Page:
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Can you trace your journey? Look back into the blue sky and catch a glimpse of your tendrils, instead of choking on the contrail of the ones up ahead?

I don’t want to forget the exhilaration of stepping off solid ground, the day I hit Submit to sign up for my first writing class. The day I secreted myself in the bedroom of our Florida place and wrote a story from my first prompt, and out streamed the story of the day I found my brother’s body.

Every sentence I write contains the flashback to the first revelation. Writing is so hard not only because the page never quite reflects the perfection of the thoughts in my head, but because it requires pushing back the razor grass of equivocation and female desire to please (“oh, don’t be mad.”) I write for myself because I’m afraid to write for you. (Shush! “Did you like it?”)

My life as a writer, my story, has a spark, a genesis, in a burning desire to tell you how it is, how it was, how his translucent blue eyes had stayed open even though his heart had stopped and his skin drained of blood. And the words I wrote gave the twelve readers in my class an inkling, and the words I wrote gave me relief, I gave him life.

But out here in the ‘ ole real world, I apply to juried workshops fellowships retreats and writing programs, submit work to highly competitive journals contests scholarships and agents. I’m advised to play the numbers game, to collect the rejections, and I do, I’m in it, I grit my teeth and gird my loins (ha! Is that like pelvic floor exercises or what?) And I revise, revise, revise and resubmit and hit send.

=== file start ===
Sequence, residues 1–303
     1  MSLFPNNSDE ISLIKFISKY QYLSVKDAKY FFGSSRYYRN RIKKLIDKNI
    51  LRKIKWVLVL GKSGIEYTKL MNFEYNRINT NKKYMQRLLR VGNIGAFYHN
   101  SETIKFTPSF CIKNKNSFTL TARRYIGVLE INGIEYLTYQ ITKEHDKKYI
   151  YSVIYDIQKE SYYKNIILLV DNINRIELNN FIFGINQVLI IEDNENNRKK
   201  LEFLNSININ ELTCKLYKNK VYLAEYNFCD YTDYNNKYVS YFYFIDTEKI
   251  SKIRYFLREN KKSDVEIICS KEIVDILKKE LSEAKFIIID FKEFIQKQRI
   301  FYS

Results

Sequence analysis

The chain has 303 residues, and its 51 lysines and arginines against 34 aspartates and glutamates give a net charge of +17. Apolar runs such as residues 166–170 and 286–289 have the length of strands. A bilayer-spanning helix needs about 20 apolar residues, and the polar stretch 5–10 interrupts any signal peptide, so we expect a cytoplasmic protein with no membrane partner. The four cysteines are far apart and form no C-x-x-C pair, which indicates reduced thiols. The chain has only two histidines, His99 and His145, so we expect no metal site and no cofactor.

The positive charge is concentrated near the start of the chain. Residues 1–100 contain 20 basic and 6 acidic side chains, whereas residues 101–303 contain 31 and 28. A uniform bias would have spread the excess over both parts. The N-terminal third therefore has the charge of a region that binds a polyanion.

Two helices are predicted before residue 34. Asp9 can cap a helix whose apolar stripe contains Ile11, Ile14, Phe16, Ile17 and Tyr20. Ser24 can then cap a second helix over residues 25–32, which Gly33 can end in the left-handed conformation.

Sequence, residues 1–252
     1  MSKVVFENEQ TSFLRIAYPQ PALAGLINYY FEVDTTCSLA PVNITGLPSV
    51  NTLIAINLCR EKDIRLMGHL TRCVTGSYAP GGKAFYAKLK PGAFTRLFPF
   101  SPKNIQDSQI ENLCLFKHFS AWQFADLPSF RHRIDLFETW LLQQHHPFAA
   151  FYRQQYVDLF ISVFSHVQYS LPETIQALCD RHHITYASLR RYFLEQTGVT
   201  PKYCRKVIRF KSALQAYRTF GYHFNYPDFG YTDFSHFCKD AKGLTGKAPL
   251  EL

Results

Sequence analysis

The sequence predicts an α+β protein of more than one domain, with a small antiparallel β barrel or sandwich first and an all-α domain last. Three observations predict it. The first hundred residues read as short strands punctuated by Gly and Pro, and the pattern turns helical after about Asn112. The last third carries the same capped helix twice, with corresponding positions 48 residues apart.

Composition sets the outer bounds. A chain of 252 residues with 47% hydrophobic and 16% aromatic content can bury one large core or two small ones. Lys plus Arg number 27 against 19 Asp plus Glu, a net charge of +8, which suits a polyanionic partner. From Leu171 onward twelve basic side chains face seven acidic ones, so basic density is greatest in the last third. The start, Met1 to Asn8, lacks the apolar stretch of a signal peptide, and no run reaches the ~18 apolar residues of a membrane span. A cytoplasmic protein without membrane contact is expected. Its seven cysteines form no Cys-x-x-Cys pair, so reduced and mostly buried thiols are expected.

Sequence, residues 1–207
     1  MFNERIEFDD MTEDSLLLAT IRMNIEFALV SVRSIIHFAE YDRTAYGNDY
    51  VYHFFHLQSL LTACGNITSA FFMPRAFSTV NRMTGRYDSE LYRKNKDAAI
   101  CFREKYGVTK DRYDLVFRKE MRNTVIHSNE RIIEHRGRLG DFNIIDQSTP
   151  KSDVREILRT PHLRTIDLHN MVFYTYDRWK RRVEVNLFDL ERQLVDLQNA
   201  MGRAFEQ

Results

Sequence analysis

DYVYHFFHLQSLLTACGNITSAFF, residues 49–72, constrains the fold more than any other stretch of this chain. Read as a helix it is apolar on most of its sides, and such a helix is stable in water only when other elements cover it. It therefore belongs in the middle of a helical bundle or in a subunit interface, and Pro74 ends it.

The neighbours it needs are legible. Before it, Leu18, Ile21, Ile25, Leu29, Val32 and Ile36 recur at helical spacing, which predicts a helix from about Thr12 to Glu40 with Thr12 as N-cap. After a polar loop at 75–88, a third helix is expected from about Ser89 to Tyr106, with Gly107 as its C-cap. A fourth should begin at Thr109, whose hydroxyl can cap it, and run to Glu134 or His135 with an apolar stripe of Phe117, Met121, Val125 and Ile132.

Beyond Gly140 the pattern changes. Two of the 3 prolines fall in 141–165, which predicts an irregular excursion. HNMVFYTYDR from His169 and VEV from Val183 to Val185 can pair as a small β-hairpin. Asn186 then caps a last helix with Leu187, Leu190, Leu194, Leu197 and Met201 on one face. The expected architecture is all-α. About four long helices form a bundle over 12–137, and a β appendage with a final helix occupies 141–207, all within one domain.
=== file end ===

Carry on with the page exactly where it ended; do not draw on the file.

And, yahoo! Sometimes I get a yes! Or two! In May, I’m one of forty writers to attend LitCamp at Esalen and in August, my short story wins me a scholarship to the Mendocino Writer’s Conference.

If you don’t buy a ticket, you won’t win the lottery. But, first, if I don’t listen for the heartbeat, I won’t hear the story.

And those revelations of my fictional characters, the ones I’m pumping blood into, imbibing with complex family history, placing in impossible dilemmas, they’re springing from my imagination, but they’re based in my emotional experience. The shit I told my therapist. The stuff only I know.

In the noise of the rushing cliff dive—the ping of another email rejection, the gut wrench of hitting submit on a piece I love, the unbelievable awesome freedom and responsibility of writing full-time—I have to take a look back.

I write to give life.

Hit Submit.

4 thoughts on “Try, Apply, Hit Submit

  1. Wow! I want to read everything you’ve ever written. I don’t like reading the last sentence of anything I’ve ever seen you share. I want to keep reading, my childhood friend for many decades!

    Like

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